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Depression in Children and Teens: Catch the Warning Signs

teenage boy sitting in a hallway

Everyone feels sad, frustrated and even hopeless at times. So how can you tell the difference between a bad mood and major depression? How do you know if your child is showing signs of depression or just going through a temporary “phase”? How do you spot depression in a teenager when most of them are moody and sleep strange hours anyway?

According to the National Institute of Mental Health, depression is a common but serious illness and the leading disability of Americans between ages 15 and 44. Most people who experience depression need medical treatment to improve. The earlier treatment begins, the more effective it can be. Knowing the warning signs of depression gives you a better chance of detecting it early and you can seek medical help for yourself or your loved one sooner.

The Basics

Each year, 16 million American adults experience a major depressive episode. This means their symptoms are severe and stand in the way of with their ability to work, sleep, eat and enjoy life. Some people experience this only once; others have repeated episodes throughout their lives.

Persistent depressive disorder refers to a depressed mood that lasts for at least two years, often with multiple major depressive episodes followed by periods with less severe symptoms.

Common depression symptoms include

Emotional

  • Constant sadness, moodiness, anxiety or feeling “empty”
  • Feelings of hopelessness, guilt or worthlessness
  • Loss of interest in activities or hobbies once considered enjoyable
  • Suicidal thoughts or actions

Physiological

  • Persistent body pain or headaches
  • Stomach cramps or digestive problems that don’t get better with medication
  • Fatigue, decreased energy, insomnia, early-morning wakefulness or excessive sleeping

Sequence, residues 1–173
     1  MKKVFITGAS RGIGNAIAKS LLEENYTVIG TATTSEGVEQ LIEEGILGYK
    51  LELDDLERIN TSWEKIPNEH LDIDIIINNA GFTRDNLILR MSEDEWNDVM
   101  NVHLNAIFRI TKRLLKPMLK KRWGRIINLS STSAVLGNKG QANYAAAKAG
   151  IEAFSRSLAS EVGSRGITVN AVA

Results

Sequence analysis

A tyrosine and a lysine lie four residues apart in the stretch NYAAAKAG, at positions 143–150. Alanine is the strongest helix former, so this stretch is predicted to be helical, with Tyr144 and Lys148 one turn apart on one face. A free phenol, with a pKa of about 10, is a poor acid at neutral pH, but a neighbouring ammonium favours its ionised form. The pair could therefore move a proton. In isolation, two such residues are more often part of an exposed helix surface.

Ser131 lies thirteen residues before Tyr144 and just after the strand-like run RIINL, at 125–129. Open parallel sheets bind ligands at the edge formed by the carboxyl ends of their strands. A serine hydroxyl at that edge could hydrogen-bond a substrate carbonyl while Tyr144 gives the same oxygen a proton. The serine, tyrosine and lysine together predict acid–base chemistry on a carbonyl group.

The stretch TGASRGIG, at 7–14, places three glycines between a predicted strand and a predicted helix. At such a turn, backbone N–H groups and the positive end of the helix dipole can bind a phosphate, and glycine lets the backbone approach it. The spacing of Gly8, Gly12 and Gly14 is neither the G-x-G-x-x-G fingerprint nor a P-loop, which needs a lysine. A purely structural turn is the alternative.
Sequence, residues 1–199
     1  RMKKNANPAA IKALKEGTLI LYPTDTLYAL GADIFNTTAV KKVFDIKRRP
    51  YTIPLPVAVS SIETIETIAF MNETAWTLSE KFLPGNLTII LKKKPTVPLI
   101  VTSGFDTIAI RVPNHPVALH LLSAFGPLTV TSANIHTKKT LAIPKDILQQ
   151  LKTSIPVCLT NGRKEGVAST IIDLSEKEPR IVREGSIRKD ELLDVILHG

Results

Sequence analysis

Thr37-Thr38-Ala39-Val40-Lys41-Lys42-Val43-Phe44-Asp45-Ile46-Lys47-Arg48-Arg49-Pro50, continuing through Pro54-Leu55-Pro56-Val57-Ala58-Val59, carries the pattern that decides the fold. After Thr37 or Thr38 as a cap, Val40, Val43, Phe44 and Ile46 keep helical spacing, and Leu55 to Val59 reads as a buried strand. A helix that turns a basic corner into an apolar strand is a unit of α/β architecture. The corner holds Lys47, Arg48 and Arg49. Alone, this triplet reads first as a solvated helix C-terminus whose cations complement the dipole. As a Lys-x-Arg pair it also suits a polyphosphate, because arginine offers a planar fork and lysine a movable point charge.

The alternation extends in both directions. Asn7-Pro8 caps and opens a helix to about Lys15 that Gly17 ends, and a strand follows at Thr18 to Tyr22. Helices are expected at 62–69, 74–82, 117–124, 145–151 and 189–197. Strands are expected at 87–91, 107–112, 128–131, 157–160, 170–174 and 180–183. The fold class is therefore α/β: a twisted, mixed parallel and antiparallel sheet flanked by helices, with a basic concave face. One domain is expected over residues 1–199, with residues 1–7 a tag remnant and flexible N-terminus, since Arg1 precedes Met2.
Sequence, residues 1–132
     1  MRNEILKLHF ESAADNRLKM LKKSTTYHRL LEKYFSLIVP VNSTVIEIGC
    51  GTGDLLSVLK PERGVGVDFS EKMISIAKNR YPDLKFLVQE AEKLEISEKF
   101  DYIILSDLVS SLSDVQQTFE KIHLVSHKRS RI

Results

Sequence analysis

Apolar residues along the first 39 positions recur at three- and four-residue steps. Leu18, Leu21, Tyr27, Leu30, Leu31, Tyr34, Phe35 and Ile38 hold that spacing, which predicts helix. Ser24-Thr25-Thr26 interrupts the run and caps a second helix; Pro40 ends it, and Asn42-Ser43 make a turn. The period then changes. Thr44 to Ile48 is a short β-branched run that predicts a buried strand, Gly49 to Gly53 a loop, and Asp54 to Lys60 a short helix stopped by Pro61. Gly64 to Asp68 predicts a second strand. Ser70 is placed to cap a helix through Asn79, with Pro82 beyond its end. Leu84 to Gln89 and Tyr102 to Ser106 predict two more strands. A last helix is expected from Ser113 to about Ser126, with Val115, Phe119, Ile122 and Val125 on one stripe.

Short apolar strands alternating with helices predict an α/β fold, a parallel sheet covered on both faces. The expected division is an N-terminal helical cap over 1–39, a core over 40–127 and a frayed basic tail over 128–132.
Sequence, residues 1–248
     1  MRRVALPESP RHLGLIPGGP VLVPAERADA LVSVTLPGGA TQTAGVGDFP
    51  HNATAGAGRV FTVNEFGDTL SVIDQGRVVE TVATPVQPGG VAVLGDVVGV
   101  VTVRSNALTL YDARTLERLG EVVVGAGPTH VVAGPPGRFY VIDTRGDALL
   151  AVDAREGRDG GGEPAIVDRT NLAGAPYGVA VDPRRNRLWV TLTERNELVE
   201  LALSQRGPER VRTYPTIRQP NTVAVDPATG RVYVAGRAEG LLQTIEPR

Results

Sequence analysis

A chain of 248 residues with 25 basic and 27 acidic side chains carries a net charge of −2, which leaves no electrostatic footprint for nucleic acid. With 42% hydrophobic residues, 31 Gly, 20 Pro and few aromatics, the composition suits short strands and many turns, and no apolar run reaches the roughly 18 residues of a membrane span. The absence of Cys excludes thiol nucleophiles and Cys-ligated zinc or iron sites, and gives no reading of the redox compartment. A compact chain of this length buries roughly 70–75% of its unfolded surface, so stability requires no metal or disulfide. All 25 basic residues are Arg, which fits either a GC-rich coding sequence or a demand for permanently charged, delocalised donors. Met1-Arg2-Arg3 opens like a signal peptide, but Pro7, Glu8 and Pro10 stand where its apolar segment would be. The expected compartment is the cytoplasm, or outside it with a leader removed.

• Overeating or appetite loss
  • Difficulty concentrating, remembering details and making decisions

 

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Depression in Children and Teens

About 11 percent of adolescents have a depressive disorder by age 18. Before puberty, depression affects boys and girls at the same rate, but by age 15, girls are twice as likely to have experienced a major depressive episode. Depressed adolescents often show slightly different signs than adults.

Young children who are depressed may

  • Constantly complain of feeling sick
  • Pretend to be sick
  • Refuse to go to school
  • Cling to a parent or caregiver
  • Excessively worry that a parent will die

Teens who are depressed may

  • Sulk
  • Get into trouble
  • Be gloomy or grouchy
  • Feel misunderstood

If your child or teenager is exhibiting signs of depression, consult a medical professional as soon as possible to discuss a diagnosis and treatment options.

Advice or recommendations are for informational or educational purposes only, not a substitute for a visit or consultation with your doctor.

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